As I wrote in March, AGNC is making these offerings a habit and this is the 5th offering since last September. The previous article shows each of the earlier offerings has been an opportunity, with shares being higher a month after the news. This offering should prove to be the same. These massive offerings are the only way the firm can grow rapidly and it seems like investors should get used to them. Since shares currently trade above book value, which was last reported as $25.96 at the end of March, it makes sense to use the strong stock price to raise more money and expand the business. The fact that AGNC is able to continually tap the equity markets and still see shares run up to new highs into the dividend is a testament both to the management of the firm and to investors’ interest in the massive dividend, currently at $1.40 per quarter. While it would be nice to see this dividend rising as new shares are offered and the business expands, it’s hard to complain about a 19% yield without sounding greedy. Management has proven itself to be an excellent operator, so I trust in both their ability and their judgment.

AGNC’s book value will crumble when short term interest rates rise faster than long term interest rates.  I have written why interest rates will rise here:

The management of AGNC freely admits that higher interest rates may adversely affect their book value or their net interest income.  They use the weasel word “may” because they think their active management will be able hedge rising interest rate with swaptions and other financial devices.

Because we invest in fixed-rate securities, an increase in interest rates on our borrowings may adversely affect our book value or our net interest income.

Increases in interest rates may negatively affect the market value of our agency securities. Any fixed-rate securities we invest in generally will be more negatively affected by these increases than adjustable-rate securities. In accordance with GAAP, we are required to reduce our stockholders’ equity, or book value, by the amount of any decrease in the fair value of our agency securities that are classified as available-for-sale.  Reductions in stockholders’ equity could decrease the amounts we may borrow to purchase additional agency securities, which may restrict our ability to increase our net income.  Furthermore, if our funding costs are rising while our interest income is fixed, our net interest income will contract and could become negative.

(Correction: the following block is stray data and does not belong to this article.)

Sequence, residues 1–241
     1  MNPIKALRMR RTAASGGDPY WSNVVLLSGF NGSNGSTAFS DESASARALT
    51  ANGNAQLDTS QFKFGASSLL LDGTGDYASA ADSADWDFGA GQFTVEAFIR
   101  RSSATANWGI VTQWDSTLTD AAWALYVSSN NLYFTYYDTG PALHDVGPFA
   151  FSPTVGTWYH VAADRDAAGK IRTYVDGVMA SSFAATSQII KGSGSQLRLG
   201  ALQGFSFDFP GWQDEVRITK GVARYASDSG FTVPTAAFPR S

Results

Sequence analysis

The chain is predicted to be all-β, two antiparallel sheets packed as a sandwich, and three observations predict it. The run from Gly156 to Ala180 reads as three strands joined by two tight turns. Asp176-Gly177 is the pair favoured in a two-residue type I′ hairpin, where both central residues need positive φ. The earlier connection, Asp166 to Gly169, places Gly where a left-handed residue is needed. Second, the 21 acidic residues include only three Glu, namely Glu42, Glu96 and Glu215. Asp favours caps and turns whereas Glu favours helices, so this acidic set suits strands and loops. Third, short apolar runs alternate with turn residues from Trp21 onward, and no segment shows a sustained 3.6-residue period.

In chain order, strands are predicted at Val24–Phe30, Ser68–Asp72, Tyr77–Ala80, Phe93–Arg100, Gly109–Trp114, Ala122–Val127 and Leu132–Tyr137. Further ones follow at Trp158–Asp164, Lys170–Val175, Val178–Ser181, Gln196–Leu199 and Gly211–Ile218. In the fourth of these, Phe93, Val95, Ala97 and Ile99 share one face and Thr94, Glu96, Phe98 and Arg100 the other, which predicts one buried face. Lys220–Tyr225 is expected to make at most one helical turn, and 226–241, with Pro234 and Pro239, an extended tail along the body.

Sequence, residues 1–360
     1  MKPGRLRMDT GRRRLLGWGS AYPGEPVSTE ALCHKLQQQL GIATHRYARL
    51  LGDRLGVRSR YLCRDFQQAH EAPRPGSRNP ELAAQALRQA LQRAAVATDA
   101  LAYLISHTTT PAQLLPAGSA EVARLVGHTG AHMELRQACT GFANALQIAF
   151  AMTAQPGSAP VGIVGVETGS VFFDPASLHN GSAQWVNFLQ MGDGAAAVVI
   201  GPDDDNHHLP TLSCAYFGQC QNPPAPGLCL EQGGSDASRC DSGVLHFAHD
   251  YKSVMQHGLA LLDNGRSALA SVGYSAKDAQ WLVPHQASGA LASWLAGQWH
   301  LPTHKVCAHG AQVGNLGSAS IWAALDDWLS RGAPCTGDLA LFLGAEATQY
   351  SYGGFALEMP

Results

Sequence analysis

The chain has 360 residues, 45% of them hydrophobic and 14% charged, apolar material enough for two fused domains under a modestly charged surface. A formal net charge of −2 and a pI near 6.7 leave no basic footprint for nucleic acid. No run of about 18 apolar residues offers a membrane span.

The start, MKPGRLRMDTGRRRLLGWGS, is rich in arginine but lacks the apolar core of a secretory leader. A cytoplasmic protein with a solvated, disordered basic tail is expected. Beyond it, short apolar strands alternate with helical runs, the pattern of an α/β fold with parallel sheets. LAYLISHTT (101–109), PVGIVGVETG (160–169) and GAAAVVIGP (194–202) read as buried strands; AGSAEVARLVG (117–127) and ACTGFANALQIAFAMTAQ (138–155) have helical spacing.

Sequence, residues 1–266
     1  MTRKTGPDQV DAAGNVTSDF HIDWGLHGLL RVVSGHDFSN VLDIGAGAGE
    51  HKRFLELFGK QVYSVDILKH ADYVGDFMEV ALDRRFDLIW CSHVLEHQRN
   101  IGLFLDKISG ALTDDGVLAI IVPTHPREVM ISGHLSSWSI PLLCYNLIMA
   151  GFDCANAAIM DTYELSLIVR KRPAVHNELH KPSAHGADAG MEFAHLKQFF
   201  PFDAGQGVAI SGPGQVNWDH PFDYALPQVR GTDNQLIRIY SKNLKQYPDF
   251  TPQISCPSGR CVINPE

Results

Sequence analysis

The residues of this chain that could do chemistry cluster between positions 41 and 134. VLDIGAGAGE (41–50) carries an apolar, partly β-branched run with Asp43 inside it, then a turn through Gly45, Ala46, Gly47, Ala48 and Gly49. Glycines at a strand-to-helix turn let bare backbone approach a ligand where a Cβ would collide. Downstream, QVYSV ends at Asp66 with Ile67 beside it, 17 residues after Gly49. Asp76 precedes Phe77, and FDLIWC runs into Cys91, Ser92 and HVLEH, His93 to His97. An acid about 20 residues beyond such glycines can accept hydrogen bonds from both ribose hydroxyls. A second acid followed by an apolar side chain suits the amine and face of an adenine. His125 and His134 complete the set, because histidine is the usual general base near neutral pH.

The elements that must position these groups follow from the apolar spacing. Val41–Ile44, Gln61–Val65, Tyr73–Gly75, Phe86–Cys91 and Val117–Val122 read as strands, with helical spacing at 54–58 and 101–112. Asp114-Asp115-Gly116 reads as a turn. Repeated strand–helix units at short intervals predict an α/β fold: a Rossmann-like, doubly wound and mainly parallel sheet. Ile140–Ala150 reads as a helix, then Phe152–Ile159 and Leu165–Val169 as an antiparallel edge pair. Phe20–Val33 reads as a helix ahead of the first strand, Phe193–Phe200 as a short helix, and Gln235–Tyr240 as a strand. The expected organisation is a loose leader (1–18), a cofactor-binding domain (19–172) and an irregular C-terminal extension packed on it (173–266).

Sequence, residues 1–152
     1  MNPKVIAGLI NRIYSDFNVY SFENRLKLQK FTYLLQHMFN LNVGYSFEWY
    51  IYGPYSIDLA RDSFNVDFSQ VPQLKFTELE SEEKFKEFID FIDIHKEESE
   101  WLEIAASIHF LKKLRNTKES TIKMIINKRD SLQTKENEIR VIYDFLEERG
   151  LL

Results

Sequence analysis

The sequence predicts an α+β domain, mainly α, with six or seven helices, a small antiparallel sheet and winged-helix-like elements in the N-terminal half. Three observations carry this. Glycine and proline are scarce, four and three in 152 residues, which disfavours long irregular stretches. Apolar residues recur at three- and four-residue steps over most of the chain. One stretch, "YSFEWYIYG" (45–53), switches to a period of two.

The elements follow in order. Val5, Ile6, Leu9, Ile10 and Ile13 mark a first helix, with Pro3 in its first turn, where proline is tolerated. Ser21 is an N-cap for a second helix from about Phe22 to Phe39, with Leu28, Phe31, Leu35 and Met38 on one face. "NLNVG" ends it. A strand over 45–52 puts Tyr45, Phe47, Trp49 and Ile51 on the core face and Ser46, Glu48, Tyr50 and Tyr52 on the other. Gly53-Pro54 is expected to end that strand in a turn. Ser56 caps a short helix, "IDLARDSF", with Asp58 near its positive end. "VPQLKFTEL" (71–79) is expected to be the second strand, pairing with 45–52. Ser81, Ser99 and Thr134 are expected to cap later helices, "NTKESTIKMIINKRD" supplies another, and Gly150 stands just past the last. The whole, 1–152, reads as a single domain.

The shares are not dropping as much as they have in the past on the news of the offering, at $28.32 after hours, down $0.50 from the close of trading Wednesday. This makes a quick trade in the name less attractive, since there will be less ground for shares to make up after the offering. Expect heavy volume Thursday, but each of the last four offerings have been opportunities to get into the name at a discount and I see no reason this offering is any different. As long as the dividend is not cut and book value continues to climb, AGNC is a buy and these offerings are opportunities.

Disclosure: I am long AGNC.

True, he sees no reason to not buy AGNC’s recent drop in price.  But I do.  If you want to really understand the risks associated with AGNC and other mortgage REITs, then read some of my past articles on AGNC:

Disclosure: I do not own AGNC.  I don’t plan on owning AGNC because of its potential dividend cut, poor earning power, and weak balance sheet.

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Link to original Seeking Alpha article:

Published in: on June 28, 2011 at 7:03 pm  Leave a Comment